Comfort Women and Their Use by the Japanese Army


During the Second World War, Japan wanted to provide an ample amount of “comfort women” for their army men to enjoy. Recruitment centers were opened in South Korea, and it has been reported that many South Korean women, between the ages of fourteen and twenty, agreed to serve the Japanese army as prostitutes. Although South Koreans argue, that many of the women were kidnapped and coerced into participating as a prostitute for so many men. Japan admits there was wrong doing, but insists they have documentation proving most of the women were there by choice. With the threat of North Korea nearby, the South Koreans and Japan see a reason to come together as allies. The relentless feud has been hard for both parties to let go of and threatens their relationship going forward.

The Republic of Korea and the foreign ministers of Japan, in December of 2015, came to an agreement, in regard to the abuses made toward the South Korean women during the Second World War. Japanese Foreign Minister Fumio Kishida, admitted to atrocities being committed to South Korean women by the Japanese army, and Prime Minister Shinzo Abe apologized to the South Koreans for their pain experienced by the solders of the Japanese army. The government offered South Korea a payment of $9 million to open a support program for the women who were affected by the abuse, and the South Korean government agreed to remove any comfort women statues erected in front of the Japanese embassy in Seoul. The agreement didn’t go over well with the people of either country.

The South Korean people didn’t feel as though the deal is was enough to settle the abuses made to their country, and the Japanese didn’t feel as though they did anything wrong. Even the Prime Minister Shinzo Abe went back on his apology, saying there is documentation that proves the women were there by choice. Comfort women stories are being told in South Korea that contradict the documentation the Japanese have of paying women for their services. These women are old; many of them never told their stories out of embarrassment and fear. There are others who are on record, and all they have is their promises that what they say is true. While the Japanese have documents they provide as the truth, all the South Korean comfort women have is their remembrance of what happened to them.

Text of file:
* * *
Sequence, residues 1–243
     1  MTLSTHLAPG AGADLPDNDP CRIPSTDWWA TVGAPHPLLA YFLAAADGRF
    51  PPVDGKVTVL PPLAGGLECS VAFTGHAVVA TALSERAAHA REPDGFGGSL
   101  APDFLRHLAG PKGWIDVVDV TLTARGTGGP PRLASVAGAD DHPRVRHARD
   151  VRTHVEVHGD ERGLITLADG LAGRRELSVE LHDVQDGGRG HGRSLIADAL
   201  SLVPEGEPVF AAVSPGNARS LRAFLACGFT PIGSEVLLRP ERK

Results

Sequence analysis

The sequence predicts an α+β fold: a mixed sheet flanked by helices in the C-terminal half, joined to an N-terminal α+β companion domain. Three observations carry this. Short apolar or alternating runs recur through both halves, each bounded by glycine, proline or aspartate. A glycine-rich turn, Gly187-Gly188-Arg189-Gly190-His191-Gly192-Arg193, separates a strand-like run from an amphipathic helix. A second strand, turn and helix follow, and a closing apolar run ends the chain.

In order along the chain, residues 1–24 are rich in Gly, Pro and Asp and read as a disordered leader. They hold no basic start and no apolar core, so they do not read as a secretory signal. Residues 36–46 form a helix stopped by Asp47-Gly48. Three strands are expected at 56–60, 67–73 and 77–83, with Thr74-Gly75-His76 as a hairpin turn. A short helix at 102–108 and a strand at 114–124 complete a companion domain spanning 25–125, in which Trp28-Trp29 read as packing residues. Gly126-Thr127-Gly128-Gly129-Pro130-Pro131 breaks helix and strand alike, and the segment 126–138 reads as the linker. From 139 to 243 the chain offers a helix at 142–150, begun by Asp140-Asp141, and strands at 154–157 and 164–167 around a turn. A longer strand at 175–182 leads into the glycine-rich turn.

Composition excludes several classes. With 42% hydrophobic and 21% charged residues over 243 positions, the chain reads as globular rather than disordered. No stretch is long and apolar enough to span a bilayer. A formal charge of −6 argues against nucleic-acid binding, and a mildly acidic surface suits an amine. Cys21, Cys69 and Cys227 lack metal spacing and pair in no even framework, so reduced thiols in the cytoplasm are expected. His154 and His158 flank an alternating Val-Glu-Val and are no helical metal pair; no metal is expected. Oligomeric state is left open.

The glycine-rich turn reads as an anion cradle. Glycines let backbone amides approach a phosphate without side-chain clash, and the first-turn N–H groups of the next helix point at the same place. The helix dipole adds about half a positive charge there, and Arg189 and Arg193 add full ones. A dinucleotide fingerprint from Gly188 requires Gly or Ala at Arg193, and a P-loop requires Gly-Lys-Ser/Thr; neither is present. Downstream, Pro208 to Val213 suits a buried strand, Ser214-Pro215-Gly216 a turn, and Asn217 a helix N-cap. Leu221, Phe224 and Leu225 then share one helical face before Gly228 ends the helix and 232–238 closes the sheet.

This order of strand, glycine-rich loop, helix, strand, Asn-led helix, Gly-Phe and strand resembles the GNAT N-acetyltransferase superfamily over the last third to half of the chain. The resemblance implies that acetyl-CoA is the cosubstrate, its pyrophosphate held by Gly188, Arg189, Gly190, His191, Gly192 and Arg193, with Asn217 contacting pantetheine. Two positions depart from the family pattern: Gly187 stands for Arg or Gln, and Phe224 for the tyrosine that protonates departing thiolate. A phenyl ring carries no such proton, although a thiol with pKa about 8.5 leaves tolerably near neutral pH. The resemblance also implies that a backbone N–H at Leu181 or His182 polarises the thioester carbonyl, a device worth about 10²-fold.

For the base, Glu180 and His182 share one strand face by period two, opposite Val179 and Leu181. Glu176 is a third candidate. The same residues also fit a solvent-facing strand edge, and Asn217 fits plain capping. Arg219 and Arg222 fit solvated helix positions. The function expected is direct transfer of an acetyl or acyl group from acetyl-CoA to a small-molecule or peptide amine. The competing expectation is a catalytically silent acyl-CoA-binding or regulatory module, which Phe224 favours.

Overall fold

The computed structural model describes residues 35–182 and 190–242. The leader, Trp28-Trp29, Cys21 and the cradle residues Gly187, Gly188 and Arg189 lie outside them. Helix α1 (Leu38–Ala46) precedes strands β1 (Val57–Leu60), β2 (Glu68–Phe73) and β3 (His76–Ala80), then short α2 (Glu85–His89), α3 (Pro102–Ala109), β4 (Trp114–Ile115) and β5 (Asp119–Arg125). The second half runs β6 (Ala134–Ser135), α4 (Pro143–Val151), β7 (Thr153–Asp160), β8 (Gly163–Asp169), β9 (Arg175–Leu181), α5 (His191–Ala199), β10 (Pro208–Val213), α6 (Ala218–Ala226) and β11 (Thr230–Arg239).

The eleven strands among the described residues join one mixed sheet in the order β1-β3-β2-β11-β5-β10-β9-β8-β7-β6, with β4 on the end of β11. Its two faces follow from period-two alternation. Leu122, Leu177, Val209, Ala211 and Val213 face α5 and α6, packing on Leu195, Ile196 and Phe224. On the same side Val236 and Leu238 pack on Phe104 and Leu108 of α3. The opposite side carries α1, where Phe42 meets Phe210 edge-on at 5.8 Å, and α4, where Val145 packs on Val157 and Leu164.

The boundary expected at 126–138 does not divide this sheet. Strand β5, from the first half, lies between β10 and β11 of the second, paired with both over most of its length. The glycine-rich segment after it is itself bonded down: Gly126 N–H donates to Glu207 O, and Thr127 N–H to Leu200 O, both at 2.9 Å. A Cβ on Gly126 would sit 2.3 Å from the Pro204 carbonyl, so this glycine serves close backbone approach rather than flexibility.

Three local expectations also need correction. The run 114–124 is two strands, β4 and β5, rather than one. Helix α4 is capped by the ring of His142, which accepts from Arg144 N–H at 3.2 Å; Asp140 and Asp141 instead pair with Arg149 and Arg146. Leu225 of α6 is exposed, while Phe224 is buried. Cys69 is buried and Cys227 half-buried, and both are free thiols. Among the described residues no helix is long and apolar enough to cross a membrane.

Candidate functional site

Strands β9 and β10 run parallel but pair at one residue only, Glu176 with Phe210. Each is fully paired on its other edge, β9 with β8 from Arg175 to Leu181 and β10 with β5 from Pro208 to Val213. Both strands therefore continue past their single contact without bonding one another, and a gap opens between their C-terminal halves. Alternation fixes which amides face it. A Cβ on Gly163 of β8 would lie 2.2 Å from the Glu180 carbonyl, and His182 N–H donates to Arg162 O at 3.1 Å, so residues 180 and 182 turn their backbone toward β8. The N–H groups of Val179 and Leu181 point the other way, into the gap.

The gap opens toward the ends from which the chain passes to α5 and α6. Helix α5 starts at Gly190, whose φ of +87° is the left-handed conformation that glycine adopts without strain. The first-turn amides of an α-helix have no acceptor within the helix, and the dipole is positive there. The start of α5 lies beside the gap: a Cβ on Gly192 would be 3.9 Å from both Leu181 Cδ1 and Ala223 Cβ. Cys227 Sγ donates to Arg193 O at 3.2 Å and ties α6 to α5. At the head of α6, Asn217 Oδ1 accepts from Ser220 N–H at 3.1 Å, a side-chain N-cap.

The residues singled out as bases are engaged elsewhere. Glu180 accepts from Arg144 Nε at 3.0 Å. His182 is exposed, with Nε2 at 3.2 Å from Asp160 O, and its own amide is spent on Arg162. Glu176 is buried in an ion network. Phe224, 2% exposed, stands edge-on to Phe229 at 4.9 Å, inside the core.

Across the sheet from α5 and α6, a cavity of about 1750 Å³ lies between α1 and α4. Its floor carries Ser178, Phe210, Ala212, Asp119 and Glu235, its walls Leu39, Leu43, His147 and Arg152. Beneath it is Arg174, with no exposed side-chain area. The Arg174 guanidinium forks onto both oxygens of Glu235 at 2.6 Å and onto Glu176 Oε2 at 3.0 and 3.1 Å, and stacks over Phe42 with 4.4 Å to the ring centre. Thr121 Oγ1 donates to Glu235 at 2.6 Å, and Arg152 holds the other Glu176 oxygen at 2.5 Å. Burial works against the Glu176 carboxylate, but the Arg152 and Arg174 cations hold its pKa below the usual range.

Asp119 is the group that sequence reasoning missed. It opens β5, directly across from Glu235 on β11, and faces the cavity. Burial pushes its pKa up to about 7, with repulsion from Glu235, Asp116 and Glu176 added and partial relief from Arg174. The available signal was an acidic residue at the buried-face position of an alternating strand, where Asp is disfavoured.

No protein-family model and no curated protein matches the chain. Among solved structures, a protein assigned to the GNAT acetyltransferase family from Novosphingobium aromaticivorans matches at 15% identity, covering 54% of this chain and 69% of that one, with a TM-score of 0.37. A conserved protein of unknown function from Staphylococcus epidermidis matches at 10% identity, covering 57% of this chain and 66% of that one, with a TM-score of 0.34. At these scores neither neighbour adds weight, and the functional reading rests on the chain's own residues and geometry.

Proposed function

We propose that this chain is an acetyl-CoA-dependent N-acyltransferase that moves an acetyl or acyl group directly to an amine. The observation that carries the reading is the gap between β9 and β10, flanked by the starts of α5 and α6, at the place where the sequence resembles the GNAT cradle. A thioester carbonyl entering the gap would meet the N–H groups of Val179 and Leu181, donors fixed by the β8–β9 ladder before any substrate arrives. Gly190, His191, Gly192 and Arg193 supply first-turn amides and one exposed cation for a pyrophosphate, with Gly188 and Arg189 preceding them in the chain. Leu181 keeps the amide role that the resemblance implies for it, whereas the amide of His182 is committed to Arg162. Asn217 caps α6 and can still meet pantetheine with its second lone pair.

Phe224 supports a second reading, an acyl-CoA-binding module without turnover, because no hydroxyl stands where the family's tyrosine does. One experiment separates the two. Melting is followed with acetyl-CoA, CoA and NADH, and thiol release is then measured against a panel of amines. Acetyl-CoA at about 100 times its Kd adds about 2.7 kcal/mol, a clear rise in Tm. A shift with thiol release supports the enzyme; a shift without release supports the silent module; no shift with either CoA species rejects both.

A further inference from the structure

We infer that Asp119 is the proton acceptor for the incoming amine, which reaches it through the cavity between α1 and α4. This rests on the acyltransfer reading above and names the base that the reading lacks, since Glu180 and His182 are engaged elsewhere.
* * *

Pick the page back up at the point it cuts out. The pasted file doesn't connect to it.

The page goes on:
A woman by the name of, Park Yu-ha, who is a South Korean professor of Japanese literature, wrote a book in 2013, Comfort Women of the Empire. In her book, she claims to have done research and found many of the women who were at the Japanese, army brothels were there by choice. She was sued by nine of the women, who have shared their comfort women testimonies, for defamation, and she won her case against the accusation. The judge found her book to have been written from her own point of view and ruled she was entitled to her opinion on the issue. South Koreans have called her a traitor for her views and still fight for their own truth to be heard. Park Yu-ha has admitted there probably were women who were there involuntarily, but that she felt the mass majority were there voluntarily.

Acting as allies against the threat of North Korea is ideal for both countries. The South Korean people refuse to remove any of the Korean comfort women statues they have carefully placed and would like to see a different deal being made between themselves and the Japanese government. Japan, it seems, just wants the whole thing to go away.